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Students fight back against Florida’s ‘Don’t say gay bill’

By Jason Carles and Isabela Casanova |
April 21, 2022
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Over 40 students gathered to protest anti gay law in Tallahassee, FL
Over 40 students gathered to protest anti gay law in Tallahassee, FL (Fight Back! News/staff)

Tallahassee, FL - On Monday, April 18, Florida State University Students for a Democratic Society (SDS) held a march against Florida’s repressive HB1557. Led by SDS officers Isabela Casanova and Chudi Oraedu, a group of roughly 40 students marched from FSU’s Legacy Fountain to the Integration Statue, chanting “Homophobia has got to go” and “Trans lives matter.”

Nicknamed the “Don’t say gay bill” by opponents, it was signed into state law on March 28. Parents are encouraged to sue their local school districts over what they consider to be violations of this law.

The law's homophobic and transphobic yet vague text leaves teachers with little to no room to discuss anything on the subject of sexuality and gender at any grade level without facing legal threats, while simultaneously preventing students from seeking the safety that many educators provide to discuss matters of sexuality and identity without fear of bigoted backlash.

SDS member Kasidy Brown stated during his speech: “These communities are already put at risk, and I think these bills like this enable people to cause harm to LGBTQ+ people. It allows people to commit harm against us, because they know that they will get away with it.” HB1557 has clearly been put into place to make public education a hostile and unsafe space for LGBTQ+ students, and an academically and socially restrictive space for teachers and school faculty.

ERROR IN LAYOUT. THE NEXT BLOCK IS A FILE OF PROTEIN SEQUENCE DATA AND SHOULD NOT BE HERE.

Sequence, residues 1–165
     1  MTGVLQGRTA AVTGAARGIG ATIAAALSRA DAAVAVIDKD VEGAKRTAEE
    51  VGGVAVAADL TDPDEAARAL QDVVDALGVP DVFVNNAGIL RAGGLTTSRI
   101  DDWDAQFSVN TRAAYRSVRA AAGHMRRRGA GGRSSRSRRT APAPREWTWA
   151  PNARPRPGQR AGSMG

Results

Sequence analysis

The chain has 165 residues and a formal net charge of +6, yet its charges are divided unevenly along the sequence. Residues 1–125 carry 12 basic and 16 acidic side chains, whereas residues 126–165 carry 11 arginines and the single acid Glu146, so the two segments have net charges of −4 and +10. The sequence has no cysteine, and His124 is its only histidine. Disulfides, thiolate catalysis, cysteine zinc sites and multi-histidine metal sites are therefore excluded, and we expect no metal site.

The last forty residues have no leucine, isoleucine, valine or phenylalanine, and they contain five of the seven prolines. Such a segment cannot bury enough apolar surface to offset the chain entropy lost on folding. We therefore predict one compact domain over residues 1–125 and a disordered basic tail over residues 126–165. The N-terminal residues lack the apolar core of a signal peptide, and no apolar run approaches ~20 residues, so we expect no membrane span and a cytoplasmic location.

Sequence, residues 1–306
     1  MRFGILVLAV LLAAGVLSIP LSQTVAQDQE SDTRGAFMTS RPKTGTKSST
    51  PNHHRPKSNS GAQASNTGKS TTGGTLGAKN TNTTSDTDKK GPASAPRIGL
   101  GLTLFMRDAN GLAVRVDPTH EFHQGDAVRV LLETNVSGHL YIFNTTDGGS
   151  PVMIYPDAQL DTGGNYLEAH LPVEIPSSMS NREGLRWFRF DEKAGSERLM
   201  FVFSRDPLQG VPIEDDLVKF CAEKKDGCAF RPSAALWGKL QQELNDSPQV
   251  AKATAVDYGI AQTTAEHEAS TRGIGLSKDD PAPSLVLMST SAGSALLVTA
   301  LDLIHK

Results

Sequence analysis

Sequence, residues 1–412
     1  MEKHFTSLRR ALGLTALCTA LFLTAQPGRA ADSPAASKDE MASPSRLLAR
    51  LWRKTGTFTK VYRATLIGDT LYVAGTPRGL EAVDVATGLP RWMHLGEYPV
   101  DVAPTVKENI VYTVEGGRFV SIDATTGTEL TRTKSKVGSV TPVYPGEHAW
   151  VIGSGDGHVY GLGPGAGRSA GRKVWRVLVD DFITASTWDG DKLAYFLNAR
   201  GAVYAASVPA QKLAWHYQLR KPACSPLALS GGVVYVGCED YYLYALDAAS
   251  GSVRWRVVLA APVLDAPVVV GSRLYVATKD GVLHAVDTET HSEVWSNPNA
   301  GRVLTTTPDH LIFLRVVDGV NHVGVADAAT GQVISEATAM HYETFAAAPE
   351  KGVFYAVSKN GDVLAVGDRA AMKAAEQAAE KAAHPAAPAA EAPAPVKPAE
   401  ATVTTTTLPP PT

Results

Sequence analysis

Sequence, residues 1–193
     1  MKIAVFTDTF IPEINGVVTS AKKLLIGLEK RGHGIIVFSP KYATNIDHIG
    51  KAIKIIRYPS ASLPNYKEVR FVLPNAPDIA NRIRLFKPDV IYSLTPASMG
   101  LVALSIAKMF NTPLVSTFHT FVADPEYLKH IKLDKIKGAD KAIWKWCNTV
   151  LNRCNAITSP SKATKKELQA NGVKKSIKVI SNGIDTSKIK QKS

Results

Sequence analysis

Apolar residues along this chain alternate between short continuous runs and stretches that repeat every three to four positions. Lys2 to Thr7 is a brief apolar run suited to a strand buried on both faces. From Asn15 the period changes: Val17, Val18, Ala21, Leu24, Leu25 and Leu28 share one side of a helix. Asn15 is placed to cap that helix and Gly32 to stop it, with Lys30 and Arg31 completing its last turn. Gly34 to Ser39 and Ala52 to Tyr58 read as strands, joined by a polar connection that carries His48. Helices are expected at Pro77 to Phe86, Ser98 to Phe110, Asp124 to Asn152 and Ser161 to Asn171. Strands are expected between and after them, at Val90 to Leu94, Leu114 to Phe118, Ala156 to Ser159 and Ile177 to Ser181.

This is just one attempt in a series of attacks from Republican legislators to dismantle public education. Shortly after the passage of HB1557, the state legislature also passed the “Stop the Wrongs to Our Kids and Employees (WOKE) Act,” which bans conversations around race-based discrimination and other forms of oppression, both historical and current.

Additionally, in early April, universities across the state were forced to distribute the Intellectual Freedom and Viewpoint Diversity survey to their students and employees, asking loaded questions about "[tolerance] … of both liberal and conservative beliefs" and whether instructors "inject [their] political … beliefs into [their] classes," serving as justification for future attempts to further restrict and control the public education system once its results are published later this year.

Despite the barrage of restrictive laws, students remain hopeful and empowered to fight against these injustices on a local level. As Noella Williams of FSU GenAction says, “Just because the bills passed doesn’t mean that there’s nothing we can do anymore - we can still fight in our local communities, we can still try and protect students that are in Leon County, that are in Florida schools.”

Students across the state have been banding together and holding protests in their respective schools and cities. Despite the DeSantis administration's best attempts, the LGBTQ community has refused to be silenced.

SDS was joined by multiple organizations, including the Florida State Student/Farmworker Alliance (SFA), VEG FSU, FAMU Generation Action, the Tallahassee Community Action Committee (TCAC), the Tallahassee Freedom Road Socialist Organization (FRSO), FSU Gender Odyssey and the FSU College Democrats.

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